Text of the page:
I totally agree with you that Solo 401k is awesome tax-sheltering vehicle. Some of my clients are husband and wife team working in the same business which means that those number can double. Imagine sheltering over $100,000 of earned income from taxes in a year and then being able to self-direct those funds!

    It was a great read Brandon, thanks again!

  4. Audrey Ezeh

    You are absolutely right Dmitriy, SDIRA typically cost about 1% the value of the account per year so it is something that requires careful thought if you want to go that route.

    So Brandon, you mention borrowing from your retirement funds. So many reasons not to but i view double taxation as probably the worst disadvantage. You set aside money you have not paid taxes on, then you borrow some of it and pay your self back monthly. Sure you are earning interest but you are paying it back with money you have already paid taxes on. Then when you retire and start drawing down on your account, you pay taxes again. There is nothing sweet about volunteering to pay taxes twice!

  5. Brandon, is there any strategy to pull money out of an IRA with low to no taxes? In the Romney case above, what good is having such a large IRA if you are going to have to pay some serious taxes on the distributions?

  6. Steve B.

    Hi Brandon,

    thanks for the great insight. I just listened to your podcast then came across this article and you seem to be the guy to ask. So if it’s not to much of an inconvenience. From a tax point of view, would it be wiser to create a promissory note or loan from myself to my LLC to purchase a single family rental and pay myself back or to just make a member contribution? As I pay myself back will I have to pay taxes on that money? I am taking the money out of a personal HELOC to purchase within my LLC. I will probably refinance down the road and pay back personal. BRRRR! I am on my first investment and already have new LLC. When I asked my CPA she told me it didn’t matter, but I’m confused. Anyway, if you could shed some light on the subject that would be awesome for my wife and I. And obviously legal disclaimer is understood.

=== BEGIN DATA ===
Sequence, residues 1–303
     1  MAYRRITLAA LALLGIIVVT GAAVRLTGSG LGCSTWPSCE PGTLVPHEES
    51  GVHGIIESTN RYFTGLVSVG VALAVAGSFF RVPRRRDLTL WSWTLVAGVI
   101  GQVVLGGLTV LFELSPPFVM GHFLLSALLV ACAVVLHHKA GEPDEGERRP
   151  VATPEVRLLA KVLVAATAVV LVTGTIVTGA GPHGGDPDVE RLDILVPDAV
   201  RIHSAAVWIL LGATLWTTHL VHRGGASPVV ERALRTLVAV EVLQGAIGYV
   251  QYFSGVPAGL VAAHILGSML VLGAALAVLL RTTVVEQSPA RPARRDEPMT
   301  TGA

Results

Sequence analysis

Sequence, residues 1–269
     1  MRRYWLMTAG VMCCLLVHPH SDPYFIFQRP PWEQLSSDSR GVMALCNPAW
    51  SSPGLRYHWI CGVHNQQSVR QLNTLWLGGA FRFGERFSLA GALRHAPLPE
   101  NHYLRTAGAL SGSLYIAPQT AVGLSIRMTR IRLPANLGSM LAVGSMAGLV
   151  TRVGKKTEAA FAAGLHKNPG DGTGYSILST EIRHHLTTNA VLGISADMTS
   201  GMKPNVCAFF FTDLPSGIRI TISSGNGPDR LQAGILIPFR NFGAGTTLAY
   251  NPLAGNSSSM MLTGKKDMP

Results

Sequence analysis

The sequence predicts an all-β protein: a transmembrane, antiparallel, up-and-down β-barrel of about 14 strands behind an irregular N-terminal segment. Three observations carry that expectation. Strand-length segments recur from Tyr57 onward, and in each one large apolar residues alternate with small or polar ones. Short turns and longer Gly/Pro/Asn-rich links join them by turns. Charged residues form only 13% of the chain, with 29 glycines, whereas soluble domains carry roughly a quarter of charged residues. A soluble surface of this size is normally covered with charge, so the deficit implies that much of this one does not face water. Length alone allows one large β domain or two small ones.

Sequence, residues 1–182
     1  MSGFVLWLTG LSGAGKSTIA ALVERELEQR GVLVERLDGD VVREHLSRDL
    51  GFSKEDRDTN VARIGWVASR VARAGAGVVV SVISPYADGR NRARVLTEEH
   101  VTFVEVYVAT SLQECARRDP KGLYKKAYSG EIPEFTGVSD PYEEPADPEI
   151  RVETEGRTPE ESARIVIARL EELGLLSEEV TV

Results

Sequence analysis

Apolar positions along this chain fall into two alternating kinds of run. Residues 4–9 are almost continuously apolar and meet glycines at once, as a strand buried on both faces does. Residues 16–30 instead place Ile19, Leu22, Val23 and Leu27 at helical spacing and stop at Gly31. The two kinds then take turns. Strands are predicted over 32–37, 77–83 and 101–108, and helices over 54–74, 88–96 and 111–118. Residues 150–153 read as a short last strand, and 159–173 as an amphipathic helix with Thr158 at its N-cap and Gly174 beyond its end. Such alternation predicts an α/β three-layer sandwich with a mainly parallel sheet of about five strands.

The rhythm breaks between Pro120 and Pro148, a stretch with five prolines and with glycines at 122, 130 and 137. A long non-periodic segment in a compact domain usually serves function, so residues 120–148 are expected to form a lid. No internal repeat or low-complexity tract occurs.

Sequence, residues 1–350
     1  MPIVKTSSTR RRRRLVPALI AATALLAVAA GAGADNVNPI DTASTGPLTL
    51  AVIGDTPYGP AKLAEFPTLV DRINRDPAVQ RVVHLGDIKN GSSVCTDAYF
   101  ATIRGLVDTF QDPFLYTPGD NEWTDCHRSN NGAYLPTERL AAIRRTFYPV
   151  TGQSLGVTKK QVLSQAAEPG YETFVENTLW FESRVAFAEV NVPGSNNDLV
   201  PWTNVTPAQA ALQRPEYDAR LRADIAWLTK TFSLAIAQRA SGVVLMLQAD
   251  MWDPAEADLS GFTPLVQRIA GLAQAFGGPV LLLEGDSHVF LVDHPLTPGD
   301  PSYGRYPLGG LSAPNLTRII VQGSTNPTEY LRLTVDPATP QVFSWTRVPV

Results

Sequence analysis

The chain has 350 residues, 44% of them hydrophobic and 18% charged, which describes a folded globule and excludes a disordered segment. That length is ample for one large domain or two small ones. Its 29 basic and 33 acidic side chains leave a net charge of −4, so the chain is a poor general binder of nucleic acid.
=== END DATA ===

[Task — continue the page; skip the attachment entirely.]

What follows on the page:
Thanks,

    Steve

    Thanks,

    Steve

  7. Jason Stratman

    I am currently in a partnership that we have an LLC set up, but the operating agreement lists our personal names as stake holders, just as you described. Would we be able to set up a holding company for each of our controlling interests like you recommended, or not in this instance because the operating agreement for the LLC was already created using our personal names… can that be changed after the fact?